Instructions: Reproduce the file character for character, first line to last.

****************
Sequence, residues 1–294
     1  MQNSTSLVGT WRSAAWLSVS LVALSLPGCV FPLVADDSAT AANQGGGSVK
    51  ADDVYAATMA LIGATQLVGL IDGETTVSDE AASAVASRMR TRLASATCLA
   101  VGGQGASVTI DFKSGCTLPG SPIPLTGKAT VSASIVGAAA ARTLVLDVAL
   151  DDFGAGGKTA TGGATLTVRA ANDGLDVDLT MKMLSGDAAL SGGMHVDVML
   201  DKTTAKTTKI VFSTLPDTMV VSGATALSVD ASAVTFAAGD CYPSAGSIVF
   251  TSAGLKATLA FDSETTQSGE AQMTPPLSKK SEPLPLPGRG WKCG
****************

Sequence, residues 1–294
     1  MQNSTSLVGT WRSAAWLSVS LVALSLPGCV FPLVADDSAT AANQGGGSVK
    51  ADDVYAATMA LIGATQLVGL IDGETTVSDE AASAVASRMR TRLASATCLA
   101  VGGQGASVTI DFKSGCTLPG SPIPLTGKAT VSASIVGAAA ARTLVLDVAL
   151  DDFGAGGKTA TGGATLTVRA ANDGLDVDLT MKMLSGDAAL SGGMHVDVML
   201  DKTTAKTTKI VFSTLPDTMV VSGATALSVD ASAVTFAAGD CYPSAGSIVF
   251  TSAGLKATLA FDSETTQSGE AQMTPPLSKK SEPLPLPGRG WKCG